Hence COP 24/7 continues to highlight the Arkansas timeline around this health dilemma and inquire about the responses from the states public health officials. In the meantime, if you need FREE HIV testing, counseling, insurance information or linkage to care navigation check out or our testing locator badge in the margin of this platform.

You may have heard these drugs called many different names, including:
  • "The Cocktail"
  • Antiretrovirals (ARVs)
  • Highly Active Antiretroviral Therapy (HAART or ART)
There are currently five different "classes" of HIV drugs. Each class of drug attacks the virus at different points in its life cycle—so if you are taking HIV meds, you will generally take 3 different antiretroviral drugs from 2 different classes.

This regimen is standard for HIV care—and it’s important. That’s because no drug can cure HIV, and taking a single drug, by itself, won’t stop HIV from harming you. Taking 3 different HIV meds does the best job of controlling the amount of virus in your body and protecting your immune system.

Taking more than one drug also protects you against HIV drug resistance. When HIV reproduces, it can make copies of itself that are imperfect—and these mutations may not respond to the drugs you take to control your HIV. If you follow the 3-drug regimen, the HIV in your body will be less likely to make new copies that don’t respond to your HIV meds.

Harm Reduction in the HIV Mix

There are now approximately 200 needle exchange programs in the US, predominately on the eastern seaboard and the west coast, and in New Mexico and several other scattered states; comparatively few are in southern states. And Arkansas is among those states that has a paraphernalia law that is apart of a disconnect of understanding the actual "connection" of IDU and the complexities of HIV and Hep C, even as the state is now offering Hep C testing services.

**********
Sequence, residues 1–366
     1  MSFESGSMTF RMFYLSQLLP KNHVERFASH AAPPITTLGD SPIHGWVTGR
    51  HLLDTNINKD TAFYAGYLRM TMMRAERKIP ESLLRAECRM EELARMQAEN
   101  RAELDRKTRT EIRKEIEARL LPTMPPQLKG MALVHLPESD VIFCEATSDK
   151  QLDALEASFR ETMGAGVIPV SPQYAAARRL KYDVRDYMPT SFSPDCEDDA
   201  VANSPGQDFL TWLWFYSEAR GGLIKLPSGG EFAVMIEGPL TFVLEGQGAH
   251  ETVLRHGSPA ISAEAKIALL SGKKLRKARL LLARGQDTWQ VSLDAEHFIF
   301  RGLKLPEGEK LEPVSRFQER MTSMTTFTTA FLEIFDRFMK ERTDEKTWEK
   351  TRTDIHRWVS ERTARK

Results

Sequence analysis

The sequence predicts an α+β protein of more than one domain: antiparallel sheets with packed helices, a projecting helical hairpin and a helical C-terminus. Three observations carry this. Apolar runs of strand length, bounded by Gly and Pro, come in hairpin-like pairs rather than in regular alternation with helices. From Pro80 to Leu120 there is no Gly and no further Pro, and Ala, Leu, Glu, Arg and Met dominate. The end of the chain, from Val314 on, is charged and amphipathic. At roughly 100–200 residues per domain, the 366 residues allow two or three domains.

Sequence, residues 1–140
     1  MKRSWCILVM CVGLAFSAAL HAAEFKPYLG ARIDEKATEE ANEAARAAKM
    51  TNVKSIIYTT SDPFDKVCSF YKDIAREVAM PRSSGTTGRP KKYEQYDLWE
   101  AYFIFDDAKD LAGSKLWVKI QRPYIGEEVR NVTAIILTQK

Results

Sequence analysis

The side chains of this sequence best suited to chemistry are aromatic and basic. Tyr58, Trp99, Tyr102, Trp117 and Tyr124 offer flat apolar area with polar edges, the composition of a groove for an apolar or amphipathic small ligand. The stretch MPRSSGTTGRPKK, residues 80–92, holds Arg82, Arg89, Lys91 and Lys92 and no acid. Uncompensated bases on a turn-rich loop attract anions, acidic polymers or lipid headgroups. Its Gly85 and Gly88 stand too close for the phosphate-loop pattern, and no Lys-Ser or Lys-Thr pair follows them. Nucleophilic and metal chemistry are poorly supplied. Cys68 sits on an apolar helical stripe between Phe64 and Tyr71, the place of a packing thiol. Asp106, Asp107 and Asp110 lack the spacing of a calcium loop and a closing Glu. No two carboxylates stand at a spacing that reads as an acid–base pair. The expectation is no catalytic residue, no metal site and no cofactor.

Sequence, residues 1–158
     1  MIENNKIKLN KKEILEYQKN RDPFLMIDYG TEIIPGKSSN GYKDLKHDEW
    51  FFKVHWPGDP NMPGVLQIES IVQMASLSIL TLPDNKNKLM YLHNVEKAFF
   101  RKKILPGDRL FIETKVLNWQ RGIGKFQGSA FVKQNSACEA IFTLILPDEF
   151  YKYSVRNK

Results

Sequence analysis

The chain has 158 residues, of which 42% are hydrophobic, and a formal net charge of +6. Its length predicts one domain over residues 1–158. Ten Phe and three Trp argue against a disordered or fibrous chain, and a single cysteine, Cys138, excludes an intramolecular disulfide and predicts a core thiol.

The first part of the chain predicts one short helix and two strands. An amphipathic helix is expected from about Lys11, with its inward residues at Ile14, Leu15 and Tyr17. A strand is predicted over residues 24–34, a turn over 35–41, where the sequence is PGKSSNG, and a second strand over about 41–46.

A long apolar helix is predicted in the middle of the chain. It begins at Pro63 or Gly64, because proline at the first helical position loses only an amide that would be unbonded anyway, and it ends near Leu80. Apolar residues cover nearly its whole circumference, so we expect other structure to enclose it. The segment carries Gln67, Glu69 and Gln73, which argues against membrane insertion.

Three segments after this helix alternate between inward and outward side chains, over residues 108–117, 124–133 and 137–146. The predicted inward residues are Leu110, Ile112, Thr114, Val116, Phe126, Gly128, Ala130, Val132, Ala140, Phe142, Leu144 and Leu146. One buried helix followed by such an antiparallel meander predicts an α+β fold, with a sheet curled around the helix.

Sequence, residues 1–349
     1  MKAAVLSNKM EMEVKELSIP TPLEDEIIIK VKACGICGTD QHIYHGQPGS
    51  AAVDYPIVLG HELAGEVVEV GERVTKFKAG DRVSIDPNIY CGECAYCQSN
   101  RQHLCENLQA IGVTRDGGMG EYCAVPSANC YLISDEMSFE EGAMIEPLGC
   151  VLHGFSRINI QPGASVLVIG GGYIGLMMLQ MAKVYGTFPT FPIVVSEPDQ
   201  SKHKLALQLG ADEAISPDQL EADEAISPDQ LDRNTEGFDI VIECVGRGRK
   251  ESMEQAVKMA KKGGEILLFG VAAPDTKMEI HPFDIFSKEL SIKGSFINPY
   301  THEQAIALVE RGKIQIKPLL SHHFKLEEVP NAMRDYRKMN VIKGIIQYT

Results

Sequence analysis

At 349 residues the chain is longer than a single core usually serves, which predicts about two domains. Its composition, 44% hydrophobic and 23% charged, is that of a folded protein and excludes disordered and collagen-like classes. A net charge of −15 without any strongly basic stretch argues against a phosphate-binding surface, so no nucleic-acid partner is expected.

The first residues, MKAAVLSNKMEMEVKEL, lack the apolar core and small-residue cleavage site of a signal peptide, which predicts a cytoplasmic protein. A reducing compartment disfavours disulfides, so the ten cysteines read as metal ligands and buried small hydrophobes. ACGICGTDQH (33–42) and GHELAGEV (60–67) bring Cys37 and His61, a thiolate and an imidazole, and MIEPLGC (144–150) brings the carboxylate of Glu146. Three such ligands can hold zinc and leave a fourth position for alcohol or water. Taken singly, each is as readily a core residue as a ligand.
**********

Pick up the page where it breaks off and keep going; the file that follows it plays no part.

Despite the lack of addressing the issue in this state, the programs have been successful at lowering the rate of HIV and hepatitis C infections: According to the World Health Organization, “Needle exchange programs substantially and cost-effectively reduce the spread of HIV among [people who inject drugs] and do so without evidence of exacerbating injecting drug use at either the individual or societal level.” Put another way, these programs are useful in stopping the spread of disease and don’t lead to more drug use, typically.

Still, they remain controversial in some places. For example, needle exchanges are illegal in North Carolina, where Tessie Castillo is the communications and advocacy coordinator at the North Carolina Harm Reduction Coalition, headquartered in Durham. “We have a very strong abstinence-only culture in this country,” Castillo says, “especially in the south.”

Increasingly, though, other aspects of harm reduction are not so contentious. Most notable is the improved access to Narcan, which is now used throughout the country by drug users as well as law enforcement agents, and prescribed by physicians and, in some states, pharmacists. Massachusetts’ program has worked especially well; since 2006, health officials there have been distributing intranasal naloxone to those likely to witness an opioid overdose — outreach workers, homeless shelter operators and drug users and their family members. The program was credited with reversing more than 1,800 overdoses from heroin, prescription painkillers and other opiates, according to a 2013 Boston Globe article.

To date, “26 states have passed naloxone laws, which have really helped,” says Katherine Neill, PhD, of the Baker Institute at Rice University, in Houston. “And Good Samaritan laws — which mandate that you can’t get in trouble for calling authorities [for help] if you witness an overdose — have been enacted in at least 20 states.” (To see what the laws are in your state, click the map at For more information on services related to IDU use call 501-379-8203.